Robert Coles is a child psychiatrist and a man of insight and warm sympathy. These qualifications and ten years of hard and lonely work have enabled him to write a series of books for which the nation will owe him a lasting debt. These books deserve to rank with—and, indeed, transcend—W. A. Cash’s The Mind of the South and James Baird Weaver’s A Call to Action. The two new volumes and their forerunner, A Study of Courage and Fear, are the definitive work on America’s poor and powerless in the twentieth century.
The American democracy—Winston Churchill’s “Great Republic”—is in its very survival a tremendous success story. When one looks back across its history it seems impossible that it could have held together at all in the face of the immense forces that have tended always toward its disintegration. In the beginning it was three and a half million square miles of wilderness—vast and alien and, to Europeans, frightful. It was so immense that as it was divided a single state could be larger than a European empire. Distance between the parts made them foreign to one another, and since strangers are almost inevitably enemies, its regionalism spawned antagonisms and hatreds.
The human materials that built our country in Governor William Bradford’s “hideous wilderness” were, to say the least, unpromising. There were half a million or so red Indians, trusting tribesmen whom white brutality promptly turned into determined and ruthless warriors. There were adventurers in search of gold and land, religious zealots in whom religion often failed to equate with goodness, impoverished younger sons of Old World aristocracies, embittered Scotch-Irish broken by Parliament’s repressive economic policies, Scottish highlanders “cleared” by landlords who wanted to pasture sheep on their fields, multitudes of Germans uprooted by a century-long war, a million terrified Africans herded into the holds of slave ships, Jews fleeing from Russian and Polish pogroms, another million of famine-plagued Irish, penniless peasants from Italy and the Balkans, Chinese coolies hauled in to build railroads, quiet Japanese farmers who heard rumors of the “Golden State”—these and a sprinkling of great scientists and philosophers were among our forebears.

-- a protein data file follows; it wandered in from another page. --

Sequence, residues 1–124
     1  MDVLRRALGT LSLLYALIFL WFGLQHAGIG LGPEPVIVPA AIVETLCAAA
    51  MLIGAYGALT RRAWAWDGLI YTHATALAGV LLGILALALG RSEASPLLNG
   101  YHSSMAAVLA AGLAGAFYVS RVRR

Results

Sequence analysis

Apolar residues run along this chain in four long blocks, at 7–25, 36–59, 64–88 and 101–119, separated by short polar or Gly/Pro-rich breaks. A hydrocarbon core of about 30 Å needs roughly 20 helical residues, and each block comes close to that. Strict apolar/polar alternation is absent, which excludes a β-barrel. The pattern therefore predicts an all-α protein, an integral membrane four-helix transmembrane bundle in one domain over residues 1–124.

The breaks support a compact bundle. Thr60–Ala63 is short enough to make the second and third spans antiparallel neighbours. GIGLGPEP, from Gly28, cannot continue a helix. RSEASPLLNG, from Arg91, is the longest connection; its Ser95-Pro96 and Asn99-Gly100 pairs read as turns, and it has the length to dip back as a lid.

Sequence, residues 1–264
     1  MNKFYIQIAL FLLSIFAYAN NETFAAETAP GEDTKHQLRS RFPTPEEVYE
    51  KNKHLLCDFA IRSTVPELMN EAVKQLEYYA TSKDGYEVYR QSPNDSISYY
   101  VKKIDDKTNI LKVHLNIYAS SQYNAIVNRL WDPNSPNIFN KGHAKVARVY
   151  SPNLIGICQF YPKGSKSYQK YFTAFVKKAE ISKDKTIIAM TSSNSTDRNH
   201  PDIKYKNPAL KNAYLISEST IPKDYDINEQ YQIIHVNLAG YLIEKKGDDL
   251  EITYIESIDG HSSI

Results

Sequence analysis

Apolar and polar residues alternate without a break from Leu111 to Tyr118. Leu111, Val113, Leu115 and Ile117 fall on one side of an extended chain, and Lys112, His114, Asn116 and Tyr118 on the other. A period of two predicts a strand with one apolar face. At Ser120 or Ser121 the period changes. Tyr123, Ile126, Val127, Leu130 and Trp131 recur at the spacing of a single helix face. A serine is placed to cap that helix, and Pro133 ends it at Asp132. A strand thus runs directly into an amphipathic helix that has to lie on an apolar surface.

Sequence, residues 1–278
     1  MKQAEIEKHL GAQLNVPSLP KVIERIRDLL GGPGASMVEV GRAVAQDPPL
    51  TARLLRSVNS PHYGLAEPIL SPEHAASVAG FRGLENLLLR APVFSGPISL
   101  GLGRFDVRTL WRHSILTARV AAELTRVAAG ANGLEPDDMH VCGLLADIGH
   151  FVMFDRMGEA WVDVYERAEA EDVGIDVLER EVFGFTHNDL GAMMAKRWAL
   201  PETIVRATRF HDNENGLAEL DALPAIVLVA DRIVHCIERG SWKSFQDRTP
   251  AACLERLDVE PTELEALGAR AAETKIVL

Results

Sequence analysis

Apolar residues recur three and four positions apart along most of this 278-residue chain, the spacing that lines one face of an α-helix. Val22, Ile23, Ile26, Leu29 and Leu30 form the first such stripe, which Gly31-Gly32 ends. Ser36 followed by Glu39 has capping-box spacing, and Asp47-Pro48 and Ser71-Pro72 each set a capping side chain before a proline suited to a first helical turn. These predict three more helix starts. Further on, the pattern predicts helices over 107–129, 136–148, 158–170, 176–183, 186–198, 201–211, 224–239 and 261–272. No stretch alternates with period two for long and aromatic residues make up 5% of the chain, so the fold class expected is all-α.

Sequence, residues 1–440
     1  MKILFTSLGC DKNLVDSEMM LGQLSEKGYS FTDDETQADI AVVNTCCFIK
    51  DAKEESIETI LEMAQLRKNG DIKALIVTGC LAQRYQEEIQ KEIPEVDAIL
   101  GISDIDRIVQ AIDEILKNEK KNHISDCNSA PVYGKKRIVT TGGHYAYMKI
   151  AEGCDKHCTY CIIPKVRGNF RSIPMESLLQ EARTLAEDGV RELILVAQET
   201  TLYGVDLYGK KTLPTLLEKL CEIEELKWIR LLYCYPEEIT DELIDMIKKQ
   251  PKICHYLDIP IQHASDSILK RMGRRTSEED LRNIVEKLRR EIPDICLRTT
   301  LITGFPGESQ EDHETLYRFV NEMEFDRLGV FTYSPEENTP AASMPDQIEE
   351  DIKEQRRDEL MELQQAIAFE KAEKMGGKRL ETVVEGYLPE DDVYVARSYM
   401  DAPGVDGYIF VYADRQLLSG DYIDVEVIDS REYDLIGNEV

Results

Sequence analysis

They came in wave after wave for three hundred years, building towns, clearing fields, inventing and applying new tools in response to a gigantic environmental challenge, educating, exploiting one another and the land, greedily piling up private wealth, and always and everywhere squabbling among their own groups and others. The tensions and the misunderstandings erupted in a Civil War that plowed under 650,000 men. They left behind also a legacy of human woe that now appears almost immedicable.
America is a “great” country, as our politicians endlessly remind us. It could have been a much greater and far less troubled country if its people and government had acted with foresight and compassion instead of cruelty or indifference to some of the opportunities afforded by its history.
For example, after Sequoia invented a Cherokee alphabet, that nation and the Creeks and some of their less numerous neighbors turned with alacrity to the white man’s civilization. Old and young alike learned to read and write, achieving a literacy level that has escaped the rest of the nation to this day. They set up courts of law, sent ambassadors to Paris, Madrid, and London, and looked forward to statehood under terms of a treaty signed by George Washington. But during Andrew Jackson’s Presidency their lands were seized, their chattels confiscated, and they were driven across half a continent to the wilds of Oklahoma. There they fell victim to warlike tribes and later to voracious oil tycoons. If cultivated by a wise government they could have led the rest of the native aborigines into self-sufficiency and independence. Instead of another broken treaty, we might have produced land-owning farmers, artisans, artists, judges, physicians, and congressmen. The government chose, instead, to pen them on reservations and the outgrowth has been poverty, helplessness, ignorance, and bitterness.
Then there were the years of reconstruction when a few enlightened congressmen like Thaddeus Stevens sought to save the freedmen. After generations of bondage the nation had a chance to make a new beginning with its blacks. Enlightened self-interest required that the vast estates of Southern rebels be acquired by the government and sold to the blacks on generous terms, that they be schooled and provided with universities, that hospitals be built for their benefit, and that they be guarded and helped until they could shake off their ingrained servility and become free in fact as well as name. The nation chose otherwise and let the rebels keep their land. Federal supports were withdrawn and new generations of white masters kept the blacks in a very real and terrifying bondage.